Buried near the end of a proposed annexation agreement between the city of Lincoln and a secretive data center development are two largely blank pages.

Those pages, which are public record, should outline the water and sewer improvements needed so Project Agate, off 56th Street north of Interstate 80, can connect to Lincoln's systems. 

Instead, those improvements were redacted. 

The reason: The developers and city consider them confidential trade secrets, said Assistant City Attorney Tim Sieh.

The company contends disclosure of how much water the data center uses and wastewater it expends would give its competitors an advantage. 

Nebraska public-records laws allow for public bodies to withhold trade secrets. 

Also, Sieh said, the city has previously built out the water and sewer lines to the site, a 590-acre swath of farmland where the developer may build an up to 2 million-square-foot facility.   

The city wouldn't have to build any new utility lines for the project, he said.

Data center planned

"This is the first one that I've done like this," said Sieh, who handles development projects for the city.

Massive projects such as this aren't common here, city officials have said. 

"This breaks new ground," City Attorney Jeff Kirkpatrick said. 

As my colleague Matt Olberding pointed out last month, great lengths have been taken to protect the company that wants to build the data center. 

It's unlikely Monday's public hearing on annexation, zoning changes and development for the project will reveal the company. 

The developer won't seek tax-increment financing, Sieh said. 

City officials declared the site of the proposed data center blighted in 2005, meaning the data center potentially qualified for TIF, a financing tool that allows increased property taxes generated by development to be used to help pay for improvements that have a public benefit.

Company officials have told the state the business may invest as much as $600 million in the data center, which may employ up to 1,000 people within 20 years.

The site would be secure and closed to the public.

The City Council will be asked to approve the annexation, zoning changes and a change to the city's comprehensive plan next month. 

Stormwater bond a bump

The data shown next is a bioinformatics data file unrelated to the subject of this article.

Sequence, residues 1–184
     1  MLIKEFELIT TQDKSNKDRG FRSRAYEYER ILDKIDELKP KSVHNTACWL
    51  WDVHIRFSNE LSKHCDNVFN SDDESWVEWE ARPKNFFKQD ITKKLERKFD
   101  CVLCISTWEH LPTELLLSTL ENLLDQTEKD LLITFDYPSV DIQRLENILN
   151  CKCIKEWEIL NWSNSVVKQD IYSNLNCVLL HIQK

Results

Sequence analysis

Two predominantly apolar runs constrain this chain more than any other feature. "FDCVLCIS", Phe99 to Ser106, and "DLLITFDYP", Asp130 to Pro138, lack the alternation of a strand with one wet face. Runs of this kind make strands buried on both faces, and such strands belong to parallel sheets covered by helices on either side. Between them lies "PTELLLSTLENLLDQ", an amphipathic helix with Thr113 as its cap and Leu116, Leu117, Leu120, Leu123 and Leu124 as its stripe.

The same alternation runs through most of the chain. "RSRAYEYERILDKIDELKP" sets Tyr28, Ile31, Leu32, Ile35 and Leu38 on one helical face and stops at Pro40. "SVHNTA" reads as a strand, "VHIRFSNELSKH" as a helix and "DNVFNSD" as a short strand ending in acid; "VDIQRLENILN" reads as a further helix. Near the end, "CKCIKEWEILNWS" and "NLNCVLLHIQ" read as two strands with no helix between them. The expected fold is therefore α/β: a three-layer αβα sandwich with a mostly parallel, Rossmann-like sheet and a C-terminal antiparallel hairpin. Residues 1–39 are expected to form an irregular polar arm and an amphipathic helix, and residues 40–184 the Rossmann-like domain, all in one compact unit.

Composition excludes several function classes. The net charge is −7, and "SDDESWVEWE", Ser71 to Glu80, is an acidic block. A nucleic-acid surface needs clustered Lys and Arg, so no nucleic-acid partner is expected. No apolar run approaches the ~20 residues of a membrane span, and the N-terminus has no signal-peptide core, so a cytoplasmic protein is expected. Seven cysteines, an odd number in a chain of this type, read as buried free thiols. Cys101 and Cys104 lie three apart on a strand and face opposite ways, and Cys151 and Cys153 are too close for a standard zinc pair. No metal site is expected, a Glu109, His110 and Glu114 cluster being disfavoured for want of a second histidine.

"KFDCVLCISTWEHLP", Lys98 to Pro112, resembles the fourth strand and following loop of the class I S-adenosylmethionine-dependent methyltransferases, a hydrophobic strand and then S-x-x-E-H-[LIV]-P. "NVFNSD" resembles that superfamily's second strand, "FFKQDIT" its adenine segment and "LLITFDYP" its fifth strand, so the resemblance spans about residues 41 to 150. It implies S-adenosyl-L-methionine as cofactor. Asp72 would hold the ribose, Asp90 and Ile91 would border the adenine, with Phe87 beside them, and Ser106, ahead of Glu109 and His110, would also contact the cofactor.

If the City Council adopts the mayor's proposed budget changes Monday, the city's property tax rate would increase ever so slightly. That's because of the $9.9 million stormwater bond issue approved by voters in May.

The bond issue, slated to pay for stormwater system improvements along Dead Man's Run and several smaller projects, passed by a margin of 11 percentage points. 

Dead Man's Run Bridge at 48th Street, 5.2

A car drives over the bridge that traverses Dead Man's Run on North 48th Street. A project, funded in part by city bond revenue, will widen the channel and replace bridges along the tributary.

Finance Director Brandon Kauffman said the city's share of the property tax levy would increase by a third of a cent to 31.9 cents per $100 of assessed property value. 

The mayor is not proposing to increase the levy despite a deficit in this year's budget.

That levy will be officially set by a vote of the City Council next month. 

City's 'most tremendous resource'

One of Mayor Leirion Gaylor Baird's chief priorities in tackling the $6.79 million budget shortfall was ensuring the solution met her standard that the city is a good employer. 

Her proposed $1.1 million in department cuts don't equate to layoffs for city workers. 

And that was important to Gaylor Baird, who said motivated city workers deliver the public safety, infrastructure and transportation, library and parks services residents expect. 

"They are the most tremendous resource we have," she said.

Fast takes

* 16,904 — The number of adults, adolescents and children who participated in the Lincoln City Libraries Summer Reading Challenge this year. That's a 5% increase in participants from last year. Participants must read 10 hours during the summer and perform a certain number of reading-related activities such as reading a classic book or reading outside or to a pet. "Our population is growing, and there's a bigger awareness about how important reading is to a child's success in school and in life," said Youth Services Coordinator Vicki Wood of Lincoln City Libraries. 

$532,245  The contract for A&J Donner Construction Inc. to build the new Nature Education Building at Pioneers Park. The new building is expected to be finished by next April.

57% — The percentage of city tax revenue spent on public safety services, including Lincoln Fire and Rescue and the Lincoln Police Department.

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Reach the writer at 402-473-2657 or rjohnson@journalstar.com.

On Twitter @LJSRileyJohnson.


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